When it comes to canned brews, Minnesota's beer drinkers aren't beholden to a 12-ounce limit. Ours is the Land of 10,000 Tallboys, with aluminum pints as far as the eye can see. Which makes choosing a single state representative difficult.
See also: The 10 Best Minnesota IPAs
The archetypal pounder is piss-colored, skunky, and enjoyed purely for nostalgia. Craft offerings by Surly, Indeed, and Lift Bridge come by the pint as well, but the true spirit of the tallboy is the budget lager.
Every region has its trademark tall can. Illinois has Old Style, New England has Narragansett, New York has Genesee Cream Ale -- but what is Minnesota's Lone Star? What is our Ranier? Which local cut-rate pounder earns the dignity of being named the official tallboy of Minnesota?
The Hot Dish investigates.
Pabst Blue Ribbon ABV: 4.7%, Beer Advocate Score: 68
We begin with the original -- PBR. The flagpole up which all other bargain beers must be run in order to make a fair assessment. The pounder renaissance can more or less be traced back to the resurgent popularity of this Milwaukee stalwart. Objectively, though, it's not a very good beer. Serviceable, sure, but PBR hasn't been remarkable since the lager won its namesake award one hundred and fucking twenty two years ago.
The head fizzles away before the beer even leaves the can, pouring like liquid saran wrap. There is a skunky leading taste with slight urine undertones, and the beer has the scent of a dive bar mop bucket. From the smell alone, you can tell that, if you step in spilled PBR, your shoe will stick to the floor for the rest of the night. But the finish is all right, good enough to curry favor with countless Brooklynites unconcerned with impressing fellow drinkers, so then it's probably suitable for denizens of this state.
Hamm's ABV: 4.7%, Beer Advocate Score: 63
William Hamm Jr., founder of the eponymous St. Paul-gone-Milwaukee brewhouse Hamm's Brewing, was famously kidnapped in the '30s, but it wasn't because his beer recipe was worth a ransom. From the Land of Sky Blue Waters, from the land of pines' lofty balsams, comes this bubbly, champagne-yellow swill that's recaptured the hearts of the North Star State for its barely there belly feel and utility as a Bloody Mary beer back. Hamm's has a pungent, recycling-bin scent and tastes sweet, almost like cider, but it's the relentless carbonation that makes it the most unpleasant. Each sip yields a thousand tiny farts of grain and formaldehyde that coat the tongue and epiglottis before dissipating directly into the colon.
Still, the beer was good enough for Jeff Spicoli, that dude from High Fidelity, and Bill Paxton, so it's certainly got its share of cosigners. Despite its shortcomings, it got the Land of 10,000 Lakes through WWII, becoming nearly synonymous with the word "beer" in Minnesota. And it contends strongly on that basis alone.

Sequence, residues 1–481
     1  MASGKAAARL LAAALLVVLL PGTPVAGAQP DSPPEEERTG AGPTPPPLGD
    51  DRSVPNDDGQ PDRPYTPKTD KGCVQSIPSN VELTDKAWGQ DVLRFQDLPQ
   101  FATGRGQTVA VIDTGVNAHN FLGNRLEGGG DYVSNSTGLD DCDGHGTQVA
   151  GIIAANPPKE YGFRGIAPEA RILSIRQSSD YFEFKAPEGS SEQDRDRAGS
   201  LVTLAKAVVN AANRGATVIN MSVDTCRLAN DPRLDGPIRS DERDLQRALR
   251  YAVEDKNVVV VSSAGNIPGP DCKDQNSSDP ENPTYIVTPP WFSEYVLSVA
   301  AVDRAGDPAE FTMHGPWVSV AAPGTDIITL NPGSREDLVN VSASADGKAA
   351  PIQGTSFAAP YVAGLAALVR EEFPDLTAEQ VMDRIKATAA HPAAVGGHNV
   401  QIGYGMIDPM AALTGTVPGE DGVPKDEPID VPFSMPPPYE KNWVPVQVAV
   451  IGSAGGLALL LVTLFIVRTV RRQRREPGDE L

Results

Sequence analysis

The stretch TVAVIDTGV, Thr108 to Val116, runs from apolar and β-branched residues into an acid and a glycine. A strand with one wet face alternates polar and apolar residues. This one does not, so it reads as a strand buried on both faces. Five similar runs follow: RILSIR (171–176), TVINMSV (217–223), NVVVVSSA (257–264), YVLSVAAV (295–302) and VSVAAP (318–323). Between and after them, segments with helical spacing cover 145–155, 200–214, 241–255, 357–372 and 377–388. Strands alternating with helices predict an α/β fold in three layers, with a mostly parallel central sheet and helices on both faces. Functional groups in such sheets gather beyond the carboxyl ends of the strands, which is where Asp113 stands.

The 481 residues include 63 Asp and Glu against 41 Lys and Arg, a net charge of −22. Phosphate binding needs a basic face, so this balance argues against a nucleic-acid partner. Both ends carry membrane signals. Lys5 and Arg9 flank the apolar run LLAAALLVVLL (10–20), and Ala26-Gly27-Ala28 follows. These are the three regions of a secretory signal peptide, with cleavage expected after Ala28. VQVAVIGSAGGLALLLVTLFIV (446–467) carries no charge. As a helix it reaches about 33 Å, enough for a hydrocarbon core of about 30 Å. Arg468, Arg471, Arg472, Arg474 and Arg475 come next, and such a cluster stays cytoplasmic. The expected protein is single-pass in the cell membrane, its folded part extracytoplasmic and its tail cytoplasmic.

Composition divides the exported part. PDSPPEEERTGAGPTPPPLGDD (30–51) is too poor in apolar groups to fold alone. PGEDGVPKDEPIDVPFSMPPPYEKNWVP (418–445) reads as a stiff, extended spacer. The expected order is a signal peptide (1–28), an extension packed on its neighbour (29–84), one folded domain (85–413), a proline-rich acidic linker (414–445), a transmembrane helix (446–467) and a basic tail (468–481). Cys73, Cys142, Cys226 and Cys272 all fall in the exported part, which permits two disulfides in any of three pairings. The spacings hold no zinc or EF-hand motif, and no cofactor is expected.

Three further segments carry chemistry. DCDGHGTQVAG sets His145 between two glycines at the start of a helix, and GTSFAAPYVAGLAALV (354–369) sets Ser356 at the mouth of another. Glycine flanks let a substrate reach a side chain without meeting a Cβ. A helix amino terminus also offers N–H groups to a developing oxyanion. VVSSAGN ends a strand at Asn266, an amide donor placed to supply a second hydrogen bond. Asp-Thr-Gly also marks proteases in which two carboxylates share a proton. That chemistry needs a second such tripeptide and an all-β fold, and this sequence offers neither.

Grain Belt Nordeast ABV: 4.7, Beer Advocate Score: 79
This amber lager is the newest in the line over at the August Schell Brewing Company. Brewed to honor the blue-collar workers who neighbor the brewery, Nordeast is primarily enjoyed 16 ounces at a time. The beer is certainly the maltiest of the bunch, pouring an obscurant brown with a maroonish head that smells like cherry licorice, but what the fuck is this beer doing in a tallboy?
Like Yuengling, this particular Grain Belt concoction occupies an unsavory middle ground between factory runoff light beers like Miller and Coors and pseudo-craft ventures like Blue Moon and Shock Top. Sure, it's the only beer on this list that doesn't taste exactly like the inside of the can, but that doesn't make it a worthy icon. Also, the beer is dressed in Packers colors, which bodes poorly.
Schlitz ABV: 4.6, Beer Advocate Score: 68
Schlitz was once the largest beer producer in the US of A en route to becoming "the beer that made Milwaukee famous." However, that wasn't enough to keep the American adjunct ale afloat, and it fell out of favor before being reinvigorated in 2008. Now, the beer, which proudly prints "Tall Boy" on many of its 16-ounce cans, has resurged, even being named Best Cheap Beer by Deadspin last year (though, as we'll see later, they're not the most reliable judge).
Lore aside, the beer itself is pretty good. There's a tinge of bitterness -- a luxury in the pounder game -- though it still finishes like pool water. It would be a total twist of the scrotum to drink this beer warm, but cold, it's a shotgunnable template beer Clint Eastwood would be proud to crush, made to be paired with salted nuts and consumed in bulk. However, the natal tie to Wisconsin probably keeps it from being Minnesota's best ambassador.